Information about plants & gardens for Brisbane & Qld
Drought Tolerant Plants
This page will include variety of information to help Qld gardeners find plants that may possess at least some drought resistance.
In particular, it will attempt to present a greater variety than the relatively small number of plants (a large proportion of which are strappy/spikey foliage plants) that are receiving a lot of pubicity at present.
NB: There's more about low-water use gardens (general design, gardening practices etc) here: Water saving gardens. The links on that page may contain additional information on drought tolerant plants.
No strict definition
First, it's important to remember that all plants need some water, at least occasionally. What plants you classify as drought tolerant will depend on what you call a "drought", and what you regard as "tolerant".
If you're used to rain every day, one dry week might be called a drought. In other locations, weeks or months without rain might be normal. In coastal Queensland, heavy rainfall episodes with plentiful supplemental water out of the tap were once considered "normal". Unfortunately, the current climatic and water infrastructure situation now makes it unfeasible to grow many types of plants that would be possible in decades past.
Meanwhile, "tolerance" may mean growing and flourishing under consistently dry conditions to some gardeners, while others may be satisfied with a plant surviving dry periods somehow until until better conditions arrive.
Furthermore, other environmental factors will affect performance for a given amount of watering. These might include exposure to wind, soil type, plant nutrition, intensity and duration of sun exposure, and other stress factors. Modification of the microclimate (shading, windbreaks, soil conditioners etc) may assist survival under a given irrigation regime.
For the purposes of this page, the focus will be on plants that can survive and look reasonably good through extended dry spells in tropical and subtropical regions with little or no supplemental watering. Such plants should tolerate high summer temperatures combined with humidity, high light intensity, and little or no frost in winter.
EstablishmentIt should also be remembered that even quite drought tolerant plants will require watering at planting time, and perhaps for some time afterwards. The availablilty of water should therefore be taken into consideration if planting up new gardens during drought. Gold Coast City Council has announced that its free trees will only be available during the early months of the year when highest rainfall is expected (see: Free Tree Scheme to Green the City).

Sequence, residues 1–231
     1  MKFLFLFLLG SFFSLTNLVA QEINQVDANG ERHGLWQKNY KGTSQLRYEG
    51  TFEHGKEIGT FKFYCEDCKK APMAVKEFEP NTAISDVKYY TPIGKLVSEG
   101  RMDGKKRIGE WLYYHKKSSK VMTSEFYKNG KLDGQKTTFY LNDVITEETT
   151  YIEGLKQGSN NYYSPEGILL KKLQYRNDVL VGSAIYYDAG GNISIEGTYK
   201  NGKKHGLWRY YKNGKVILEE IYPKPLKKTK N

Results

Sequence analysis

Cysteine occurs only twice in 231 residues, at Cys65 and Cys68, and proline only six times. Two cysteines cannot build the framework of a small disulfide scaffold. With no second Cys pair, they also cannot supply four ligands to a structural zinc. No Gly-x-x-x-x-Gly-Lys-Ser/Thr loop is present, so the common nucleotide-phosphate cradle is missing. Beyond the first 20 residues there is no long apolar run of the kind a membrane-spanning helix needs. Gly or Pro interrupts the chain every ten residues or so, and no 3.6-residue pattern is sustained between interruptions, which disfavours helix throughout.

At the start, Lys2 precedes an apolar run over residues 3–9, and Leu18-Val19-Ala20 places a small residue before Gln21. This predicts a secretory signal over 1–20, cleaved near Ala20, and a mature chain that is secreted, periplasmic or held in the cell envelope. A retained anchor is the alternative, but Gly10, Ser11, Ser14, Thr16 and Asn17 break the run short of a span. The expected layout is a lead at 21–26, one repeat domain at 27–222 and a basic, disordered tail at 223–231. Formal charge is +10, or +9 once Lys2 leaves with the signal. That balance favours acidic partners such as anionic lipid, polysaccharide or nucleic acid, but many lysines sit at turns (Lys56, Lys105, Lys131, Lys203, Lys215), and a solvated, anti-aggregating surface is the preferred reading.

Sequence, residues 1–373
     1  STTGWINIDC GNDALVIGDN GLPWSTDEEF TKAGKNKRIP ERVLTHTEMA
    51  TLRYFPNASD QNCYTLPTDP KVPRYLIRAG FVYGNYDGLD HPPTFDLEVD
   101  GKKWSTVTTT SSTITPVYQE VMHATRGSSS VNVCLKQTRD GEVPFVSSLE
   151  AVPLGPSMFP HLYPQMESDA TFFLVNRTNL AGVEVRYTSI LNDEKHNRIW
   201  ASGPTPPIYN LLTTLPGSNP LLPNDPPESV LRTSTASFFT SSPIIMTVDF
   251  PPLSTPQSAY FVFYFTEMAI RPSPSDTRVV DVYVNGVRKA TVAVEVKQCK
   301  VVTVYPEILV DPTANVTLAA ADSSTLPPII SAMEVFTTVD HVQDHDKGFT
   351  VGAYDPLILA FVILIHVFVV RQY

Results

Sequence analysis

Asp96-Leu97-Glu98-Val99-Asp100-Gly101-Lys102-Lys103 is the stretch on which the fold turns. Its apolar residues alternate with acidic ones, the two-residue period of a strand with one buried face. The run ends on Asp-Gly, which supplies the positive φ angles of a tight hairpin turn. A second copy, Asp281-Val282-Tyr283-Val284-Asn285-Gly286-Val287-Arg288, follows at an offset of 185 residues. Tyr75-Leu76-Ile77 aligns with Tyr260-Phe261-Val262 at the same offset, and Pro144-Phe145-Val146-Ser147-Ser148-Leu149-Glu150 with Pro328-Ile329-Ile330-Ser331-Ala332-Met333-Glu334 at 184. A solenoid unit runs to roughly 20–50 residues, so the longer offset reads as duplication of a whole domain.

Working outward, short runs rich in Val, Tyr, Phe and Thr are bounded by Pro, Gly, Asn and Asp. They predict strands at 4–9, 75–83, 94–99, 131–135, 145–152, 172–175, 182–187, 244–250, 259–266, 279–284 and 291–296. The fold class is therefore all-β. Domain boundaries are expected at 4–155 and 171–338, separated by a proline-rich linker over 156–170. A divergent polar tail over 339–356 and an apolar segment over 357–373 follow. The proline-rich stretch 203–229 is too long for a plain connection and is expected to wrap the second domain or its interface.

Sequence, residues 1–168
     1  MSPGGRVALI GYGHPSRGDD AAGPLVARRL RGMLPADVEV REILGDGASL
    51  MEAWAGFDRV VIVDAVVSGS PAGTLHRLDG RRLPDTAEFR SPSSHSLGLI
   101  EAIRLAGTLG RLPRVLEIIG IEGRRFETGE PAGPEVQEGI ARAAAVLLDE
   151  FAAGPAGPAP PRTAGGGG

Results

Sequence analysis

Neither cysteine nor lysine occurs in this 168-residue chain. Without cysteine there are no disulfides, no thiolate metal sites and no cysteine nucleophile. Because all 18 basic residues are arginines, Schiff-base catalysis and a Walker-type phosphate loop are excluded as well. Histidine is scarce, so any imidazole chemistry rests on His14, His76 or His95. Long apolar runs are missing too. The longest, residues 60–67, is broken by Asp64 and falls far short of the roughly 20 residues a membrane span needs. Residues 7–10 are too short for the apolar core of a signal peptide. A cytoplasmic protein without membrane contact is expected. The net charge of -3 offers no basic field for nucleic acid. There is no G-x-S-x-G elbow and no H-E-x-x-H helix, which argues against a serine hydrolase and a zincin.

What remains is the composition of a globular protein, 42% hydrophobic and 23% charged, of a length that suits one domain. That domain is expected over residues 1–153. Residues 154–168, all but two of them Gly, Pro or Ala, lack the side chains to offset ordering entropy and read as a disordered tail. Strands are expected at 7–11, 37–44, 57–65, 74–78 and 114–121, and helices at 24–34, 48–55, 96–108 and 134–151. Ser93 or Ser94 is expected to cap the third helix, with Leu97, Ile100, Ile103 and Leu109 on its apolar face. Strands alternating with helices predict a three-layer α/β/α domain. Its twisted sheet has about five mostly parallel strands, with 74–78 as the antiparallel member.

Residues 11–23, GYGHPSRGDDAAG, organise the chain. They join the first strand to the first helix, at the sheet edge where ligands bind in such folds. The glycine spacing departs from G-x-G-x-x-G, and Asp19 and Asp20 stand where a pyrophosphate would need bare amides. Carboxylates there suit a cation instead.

Plants which have not been hardened off in advance or which have a poorly developed root system may be particularly susceptible to wilting. Selection and handling of material prior to planting may therefore also have some effect on the amount of water needed during establishment.
When it RainsMany drought-tolerant plants are intolerant of waterlogging. When we eventually do receive an extended period of heavy tropical rain, sensitive species may be lost. So, ironically, good drainage is still a consideration even when planting in drought, especially for your most valuable specimens. If you visit the desert section of the Brisbane Botanic Gardens at Mt Coot-tha, you'll see that it's in a raised area. The landscaping also shows off the plants effectively.
The same principles apply to plants grown in pots. Overwatering and/or poor drainage is bad for most land plants, but plants naturally adapted to dry conditions are likely to be most sensitive.
Growing Roses in Dry Conditions in Qldby Pam Barton
Roses are very forgiving plants, tolerating harsh dry times as well as the rainy periods that will eventually return. Depending on soil type, once a week watering is usually preferable. In dry times roses can survive on minimal water, however, you can't expect the usual habit of flowering each 6-8 weeks.
Mulching is essential for water retention and insulating the ground. Water crystals can work wonders but with many different types on the market, select wisely.
Potted roses can be planted at any time of year. Prune lightly after each flowering and a major winter prune in late July to early August. Roses work very hard, so they need to be fed. Make sure your roses have at least 5 hrs of sun per day.Pam and Randall Barton operate Bartons Rose Farm near Kalbar. The nursery has potted roses for sale to the public and can provide visitors with advice about selecting and growing roses in Queensland. Website: www.bartonsrosefarm.com.au
Ornamental herbs for drought tolerant gardensby Stephen McLennan
Attractive gardens are not the exclusive domain of ornamental plants. Herb plants intermingled with ornamentals can create a very unique and useful garden.